Objective: Attention deficit hyperactivity disorder is a frequent comorbid condition in adults with bipolar disorder. We performed a meta-analysis aimed at assessing sociodemographic and clinical correlates of attention deficit hyperactivity disorder in bipolar disorder. Method: We searched main electronic databases up to June 2021. Random-effects meta-analyses, with relevant meta-regression and quality-based sensitivity analyses, were carried out to estimate the association between attention deficit hyperactivity disorder and putative correlates, grading the quality of evidence. Results: We included 43 studies, based on 38 independent samples. Attention deficit hyperactivity disorder participants were more likely to be males (odds ratio = 1.46; p < 0.001) and unemployed (odds ratio = 1.45; p = 0.045), and less likely to be married (odds ratio = 0.62; p = 0.014). They had an earlier onset of bipolar disorder (standardized mean difference = −0.36; p < 0.001); more mood episodes (standardized mean difference = 0.35; p = 0.007), particularly depressive (standardized mean difference = 0.30; p = 0.011) and mixed (standardized mean difference = 0.30; p = 0.031) ones; higher odds of using antidepressants (odds ratio = 1.80; p = 0.024) and attempted suicides (odds ratio = 1.83; p < 0.001) and lower odds of psychotic features (odds ratio = 0.63; p = 0.010). Moreover, they were more likely to have generalized anxiety disorder (odds ratio = 1.50; p = 0.019), panic disorder (odds ratio = 1.89; p < 0.001), social phobia (odds ratio = 1.61; p = 0.017), eating disorders (odds ratio = 1.91; p = 0.007), antisocial personality disorder (odds ratio = 3.59; p = 0.004) and substance (odds ratio = 2.29; p < 0.001) or alcohol (odds ratio = 2.28; p < 0.001) use disorders. Quality of the evidence was generally low or very low for the majority of correlates, except for bipolar disorder onset and alcohol/substance use disorders (high), and suicide attempts (moderate). Conclusion: Comorbid bipolar disorder/attention deficit hyperactivity disorder may have some distinctive clinical features including an earlier onset of bipolar disorder and higher comorbid alcohol/substance use disorder rates. Further research is needed to identify additional clinical characteristics of this comorbidity.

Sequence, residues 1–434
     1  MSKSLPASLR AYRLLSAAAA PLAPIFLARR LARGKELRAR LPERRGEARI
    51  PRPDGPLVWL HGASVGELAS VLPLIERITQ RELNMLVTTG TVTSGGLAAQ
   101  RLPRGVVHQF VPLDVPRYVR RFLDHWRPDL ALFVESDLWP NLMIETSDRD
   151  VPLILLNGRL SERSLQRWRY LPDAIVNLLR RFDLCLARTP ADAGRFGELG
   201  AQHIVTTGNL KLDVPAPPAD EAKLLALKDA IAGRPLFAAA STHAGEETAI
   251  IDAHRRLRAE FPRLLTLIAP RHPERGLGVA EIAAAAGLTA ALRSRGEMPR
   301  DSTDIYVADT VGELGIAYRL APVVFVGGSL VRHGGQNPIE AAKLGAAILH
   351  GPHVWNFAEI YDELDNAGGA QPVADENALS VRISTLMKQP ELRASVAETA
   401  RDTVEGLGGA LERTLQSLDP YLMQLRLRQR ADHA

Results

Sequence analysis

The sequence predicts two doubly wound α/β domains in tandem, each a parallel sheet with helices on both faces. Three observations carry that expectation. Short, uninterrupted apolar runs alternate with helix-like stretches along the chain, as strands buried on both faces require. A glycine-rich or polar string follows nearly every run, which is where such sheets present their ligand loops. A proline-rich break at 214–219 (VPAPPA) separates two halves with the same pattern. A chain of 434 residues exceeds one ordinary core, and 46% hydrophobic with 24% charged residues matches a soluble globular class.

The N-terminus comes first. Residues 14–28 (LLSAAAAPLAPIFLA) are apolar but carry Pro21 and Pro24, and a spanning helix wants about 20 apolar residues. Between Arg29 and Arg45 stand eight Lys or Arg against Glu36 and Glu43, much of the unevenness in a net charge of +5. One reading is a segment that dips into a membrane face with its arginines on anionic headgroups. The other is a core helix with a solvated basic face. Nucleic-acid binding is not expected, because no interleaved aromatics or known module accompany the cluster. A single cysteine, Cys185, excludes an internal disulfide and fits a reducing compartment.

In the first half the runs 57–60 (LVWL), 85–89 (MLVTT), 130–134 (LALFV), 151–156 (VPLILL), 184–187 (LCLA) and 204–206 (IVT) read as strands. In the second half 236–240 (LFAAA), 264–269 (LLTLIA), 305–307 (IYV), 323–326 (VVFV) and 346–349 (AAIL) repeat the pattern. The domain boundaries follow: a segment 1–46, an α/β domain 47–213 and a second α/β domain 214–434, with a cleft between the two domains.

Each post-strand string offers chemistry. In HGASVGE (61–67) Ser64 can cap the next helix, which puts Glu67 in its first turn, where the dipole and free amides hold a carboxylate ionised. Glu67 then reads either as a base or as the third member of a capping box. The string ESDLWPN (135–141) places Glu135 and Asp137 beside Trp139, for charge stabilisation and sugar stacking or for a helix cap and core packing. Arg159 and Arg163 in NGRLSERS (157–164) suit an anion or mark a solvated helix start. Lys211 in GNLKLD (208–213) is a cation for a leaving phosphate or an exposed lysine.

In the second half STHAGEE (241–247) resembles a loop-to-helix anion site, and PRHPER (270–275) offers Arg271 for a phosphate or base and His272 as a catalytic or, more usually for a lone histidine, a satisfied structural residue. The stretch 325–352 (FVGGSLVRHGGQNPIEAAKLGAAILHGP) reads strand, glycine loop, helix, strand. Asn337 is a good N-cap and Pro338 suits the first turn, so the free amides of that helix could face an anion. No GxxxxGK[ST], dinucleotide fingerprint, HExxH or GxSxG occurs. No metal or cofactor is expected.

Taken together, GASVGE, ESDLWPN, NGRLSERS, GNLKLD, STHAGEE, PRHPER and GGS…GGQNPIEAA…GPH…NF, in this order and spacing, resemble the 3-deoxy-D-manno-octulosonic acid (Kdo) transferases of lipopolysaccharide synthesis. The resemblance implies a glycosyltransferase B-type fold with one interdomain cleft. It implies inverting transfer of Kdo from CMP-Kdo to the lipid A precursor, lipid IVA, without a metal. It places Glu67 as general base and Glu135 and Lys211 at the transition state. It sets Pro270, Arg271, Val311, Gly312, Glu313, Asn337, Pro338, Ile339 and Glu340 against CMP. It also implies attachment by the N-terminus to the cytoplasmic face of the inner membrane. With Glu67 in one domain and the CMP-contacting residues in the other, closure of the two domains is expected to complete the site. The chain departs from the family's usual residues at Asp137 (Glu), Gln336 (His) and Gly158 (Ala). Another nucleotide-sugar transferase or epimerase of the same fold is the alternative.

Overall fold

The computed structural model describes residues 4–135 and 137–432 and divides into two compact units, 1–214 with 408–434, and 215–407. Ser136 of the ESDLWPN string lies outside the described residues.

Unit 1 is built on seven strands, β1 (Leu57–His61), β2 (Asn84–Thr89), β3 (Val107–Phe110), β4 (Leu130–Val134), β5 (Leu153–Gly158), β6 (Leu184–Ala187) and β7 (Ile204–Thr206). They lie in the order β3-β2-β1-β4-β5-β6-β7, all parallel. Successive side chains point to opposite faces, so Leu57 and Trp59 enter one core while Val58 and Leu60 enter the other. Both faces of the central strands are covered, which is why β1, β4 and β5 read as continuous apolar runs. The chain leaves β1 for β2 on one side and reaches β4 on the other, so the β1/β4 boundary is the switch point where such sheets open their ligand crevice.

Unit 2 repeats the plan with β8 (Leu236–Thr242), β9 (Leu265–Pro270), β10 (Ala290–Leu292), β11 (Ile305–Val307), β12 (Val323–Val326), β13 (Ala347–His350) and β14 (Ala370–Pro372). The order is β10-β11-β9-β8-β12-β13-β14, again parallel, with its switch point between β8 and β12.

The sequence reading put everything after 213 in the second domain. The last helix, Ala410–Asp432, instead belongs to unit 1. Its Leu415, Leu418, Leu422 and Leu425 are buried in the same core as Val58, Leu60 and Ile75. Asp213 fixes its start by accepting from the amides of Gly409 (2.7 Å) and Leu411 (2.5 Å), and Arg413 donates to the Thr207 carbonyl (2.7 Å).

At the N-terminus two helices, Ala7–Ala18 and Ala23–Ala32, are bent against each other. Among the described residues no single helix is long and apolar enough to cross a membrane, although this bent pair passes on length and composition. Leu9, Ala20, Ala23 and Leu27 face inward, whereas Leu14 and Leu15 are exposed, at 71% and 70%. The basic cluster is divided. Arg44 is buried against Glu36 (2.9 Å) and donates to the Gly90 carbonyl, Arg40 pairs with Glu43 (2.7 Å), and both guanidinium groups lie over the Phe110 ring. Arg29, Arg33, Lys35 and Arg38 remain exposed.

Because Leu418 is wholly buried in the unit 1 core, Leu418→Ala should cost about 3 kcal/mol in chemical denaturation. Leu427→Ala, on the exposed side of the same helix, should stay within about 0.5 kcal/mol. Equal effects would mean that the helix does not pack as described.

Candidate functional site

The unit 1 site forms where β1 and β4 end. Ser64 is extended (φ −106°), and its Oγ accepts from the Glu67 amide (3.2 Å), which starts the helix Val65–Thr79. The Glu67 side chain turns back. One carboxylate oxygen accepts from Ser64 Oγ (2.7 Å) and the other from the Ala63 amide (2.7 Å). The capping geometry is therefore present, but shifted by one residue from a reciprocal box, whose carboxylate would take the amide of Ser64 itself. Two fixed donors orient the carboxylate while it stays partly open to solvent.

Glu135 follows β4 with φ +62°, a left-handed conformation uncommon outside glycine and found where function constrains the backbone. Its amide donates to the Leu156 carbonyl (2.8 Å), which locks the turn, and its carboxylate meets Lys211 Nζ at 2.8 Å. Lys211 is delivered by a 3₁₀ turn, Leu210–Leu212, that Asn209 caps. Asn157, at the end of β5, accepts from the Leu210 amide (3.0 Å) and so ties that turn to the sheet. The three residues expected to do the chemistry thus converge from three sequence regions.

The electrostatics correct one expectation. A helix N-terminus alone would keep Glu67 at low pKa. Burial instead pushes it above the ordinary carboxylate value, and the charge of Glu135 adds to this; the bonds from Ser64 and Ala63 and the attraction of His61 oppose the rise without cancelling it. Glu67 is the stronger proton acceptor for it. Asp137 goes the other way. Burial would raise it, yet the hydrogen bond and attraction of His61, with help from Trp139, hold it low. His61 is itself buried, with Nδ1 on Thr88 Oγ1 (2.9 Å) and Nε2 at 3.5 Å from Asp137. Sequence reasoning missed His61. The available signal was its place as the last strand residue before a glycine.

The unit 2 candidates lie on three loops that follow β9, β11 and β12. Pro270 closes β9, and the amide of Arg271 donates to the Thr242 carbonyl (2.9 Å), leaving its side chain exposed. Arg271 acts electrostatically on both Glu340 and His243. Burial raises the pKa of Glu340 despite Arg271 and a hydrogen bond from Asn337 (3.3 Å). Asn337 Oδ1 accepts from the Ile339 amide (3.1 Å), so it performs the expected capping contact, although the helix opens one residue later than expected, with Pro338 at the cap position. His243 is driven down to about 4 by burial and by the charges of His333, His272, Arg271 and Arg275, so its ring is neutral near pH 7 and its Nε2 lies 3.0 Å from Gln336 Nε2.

Articolo in rivista - Articolo scientifico
Scientifica
Attention deficit hyperactivity disorder; bipolar disorder; meta-analysis;
English
Bartoli, F., Callovini, T., Cavaleri, D., Cioni, R., Bachi, B., Calabrese, A., et al. (2022). Clinical correlates of comorbid attention deficit hyperactivity disorder in adults suffering from bipolar disorder: A meta-analysis. AUSTRALIAN AND NEW ZEALAND JOURNAL OF PSYCHIATRY [10.1177/00048674221106669].
Bartoli, F; Callovini, T; Cavaleri, D; Cioni, R; Bachi, B; Calabrese, A; Moretti, F; Canestro, A; Morreale, M; Nasti, C; Palpella, D; Piacenti, S; Nacinovich, R; Riboldi, I; Crocamo, C; Carra, G
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Utilizza questo identificativo per citare o creare un link a questo documento: http://hdl.handle.net/10281/389317